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Is everyone leaving you?

30 Sep 2015 - Blog

Is everyone leaving you?


Despite the drive to increase employee engagement across the UK and the US, according to various sources of research, engaged employee numbers remain fairly stagnant, at around 30% of the workforce (give or take a percentage point or two). Unfortunately, low engagement figures contribute negatively to both the employee and the organisation. Such impacts include, absenteeism, lateness, decreased work performance, negative effects on culture due to unhappy employees, and last but by no means least, high employee turnover. So what is going wrong and what can we do about it?

Welcome to our ‘Oldie but Goody’ series! Over the next few weeks, we’ll be reviewing some of the popular engagement theories of the 21st century, and using them to talk about some of the major issues we still face in the workplace today.

Today’s topic is Daniel Pink’s theory of motivation, and we’re looking at how it can help you to reduce employee turnover.


Daniel Pink’s theory of motivation

Daniel’s theory suggests that if employees have autonomy in their work, the opportunity to master skills, and have a sense of purpose, they will be more engaged. And, engaged employees are more likely to stay with your organisation. So, does autonomy, mastery and purpose really make a difference?



In general, people have the desire to be, at least partially, self-directed in their work. When people feel that they have little or no room for independence, and have no ownership over what they are doing or how they do it, they become despondent, bored, restless and uncreative. Giving people the space to take control of how they approach their work and the tasks they do, even if only occasionally, can increase their motivation and commitment to your organisation.

“You probably want to do something interesting, let me just get out of your way!” 

Source: Kenneth Wallace, discussing Daniel Pink’s theory of motivation.


Many psychological theories suggest that humans have an innate desire to learn. This is evident in the various hobbies and interests that people adopt, which allow them to develop new skills for no end other than enjoyment and a sense of fulfilment. By providing the resources and time to allow someone to become a master at a workplace skill, we make their working world a more satisfying place to be, and with satisfaction comes a reason to stay.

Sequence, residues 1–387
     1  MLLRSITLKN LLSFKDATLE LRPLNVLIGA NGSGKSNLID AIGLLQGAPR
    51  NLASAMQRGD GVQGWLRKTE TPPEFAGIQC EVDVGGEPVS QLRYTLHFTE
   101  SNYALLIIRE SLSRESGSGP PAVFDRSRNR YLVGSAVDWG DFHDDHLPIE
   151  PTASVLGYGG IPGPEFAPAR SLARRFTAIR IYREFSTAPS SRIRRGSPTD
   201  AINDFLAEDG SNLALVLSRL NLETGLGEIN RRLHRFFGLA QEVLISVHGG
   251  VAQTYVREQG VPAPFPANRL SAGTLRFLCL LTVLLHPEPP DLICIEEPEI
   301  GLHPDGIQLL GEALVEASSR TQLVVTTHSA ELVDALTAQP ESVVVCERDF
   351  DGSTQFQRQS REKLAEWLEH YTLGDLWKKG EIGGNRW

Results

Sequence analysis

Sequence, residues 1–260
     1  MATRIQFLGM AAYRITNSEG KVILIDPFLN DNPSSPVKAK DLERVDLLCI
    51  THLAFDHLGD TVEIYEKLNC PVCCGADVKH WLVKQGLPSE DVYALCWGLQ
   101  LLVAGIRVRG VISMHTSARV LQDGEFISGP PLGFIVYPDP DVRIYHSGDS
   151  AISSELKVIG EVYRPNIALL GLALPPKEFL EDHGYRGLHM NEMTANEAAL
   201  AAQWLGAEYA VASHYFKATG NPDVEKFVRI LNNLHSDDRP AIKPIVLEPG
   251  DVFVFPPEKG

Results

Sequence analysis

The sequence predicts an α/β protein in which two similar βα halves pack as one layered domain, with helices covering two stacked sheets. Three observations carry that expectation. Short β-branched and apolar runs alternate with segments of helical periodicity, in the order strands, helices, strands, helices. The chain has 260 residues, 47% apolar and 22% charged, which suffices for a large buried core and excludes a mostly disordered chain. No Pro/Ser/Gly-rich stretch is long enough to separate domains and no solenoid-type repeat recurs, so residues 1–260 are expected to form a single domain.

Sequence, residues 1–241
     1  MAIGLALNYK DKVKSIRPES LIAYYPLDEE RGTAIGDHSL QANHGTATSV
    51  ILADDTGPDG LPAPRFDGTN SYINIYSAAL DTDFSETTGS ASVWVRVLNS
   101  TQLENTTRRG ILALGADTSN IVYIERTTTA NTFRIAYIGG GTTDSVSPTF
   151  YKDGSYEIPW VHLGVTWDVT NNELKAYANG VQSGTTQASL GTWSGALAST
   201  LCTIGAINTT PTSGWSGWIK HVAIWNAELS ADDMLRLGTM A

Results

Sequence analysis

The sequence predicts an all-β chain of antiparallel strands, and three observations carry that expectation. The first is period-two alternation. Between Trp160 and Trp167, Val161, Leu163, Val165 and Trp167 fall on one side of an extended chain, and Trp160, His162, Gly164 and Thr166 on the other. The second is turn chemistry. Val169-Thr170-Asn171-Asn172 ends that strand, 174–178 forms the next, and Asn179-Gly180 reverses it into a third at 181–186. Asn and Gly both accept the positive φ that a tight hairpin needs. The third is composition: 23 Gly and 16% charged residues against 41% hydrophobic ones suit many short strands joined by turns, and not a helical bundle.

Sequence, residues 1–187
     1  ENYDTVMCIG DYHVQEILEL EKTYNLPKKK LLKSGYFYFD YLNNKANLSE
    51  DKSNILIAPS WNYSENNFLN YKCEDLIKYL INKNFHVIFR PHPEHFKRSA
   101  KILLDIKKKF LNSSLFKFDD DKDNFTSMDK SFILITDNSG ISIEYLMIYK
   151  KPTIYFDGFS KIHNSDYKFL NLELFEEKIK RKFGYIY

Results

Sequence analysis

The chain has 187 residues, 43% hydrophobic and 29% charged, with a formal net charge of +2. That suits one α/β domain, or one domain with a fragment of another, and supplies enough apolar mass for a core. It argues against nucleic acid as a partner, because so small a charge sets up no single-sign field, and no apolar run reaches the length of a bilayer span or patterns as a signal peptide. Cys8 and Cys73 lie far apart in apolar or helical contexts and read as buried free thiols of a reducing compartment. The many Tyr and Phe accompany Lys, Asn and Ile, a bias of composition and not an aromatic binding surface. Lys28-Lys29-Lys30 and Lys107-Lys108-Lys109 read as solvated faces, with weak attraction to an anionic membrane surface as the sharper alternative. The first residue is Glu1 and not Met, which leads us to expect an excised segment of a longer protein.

“Employees will not put sustained effort into a new kind of behavior if they have only a rational understanding of why it matters to the company; it must mean something much deeper to them, something that they know will have an effect on their personal growth. Giving them an emotional connection to the new behavior can trigger that shift in perspective.” Gita Bellin and Michael W. Rennie, for McKinsey and Company. (Link to full article at the end of this post).

This quote explains the need for employees to have a purpose to alter their behaviour. When people have a personal belief in a purpose, they are more likely to have the desire and commitment to work hard to achieve it, and they will want to stay with the organisation to do so.


Final Thoughts

Employee engagement is about creating a culture that people want to be part of; a culture that gives them the chance to be creative, allows them to develop, and gives them a sense of purpose. Creating a culture that fosters these factors encourages great employees to stay with you on your organisational journey and give you their best while they do so.


If you wish to view the video of Kenneth Wallace talking through Daniel’s theory, you can access it through a simple YouTube search. Check back in with us next week to read more snippets from our ‘Oldie but Goody’ series!

Further Sources


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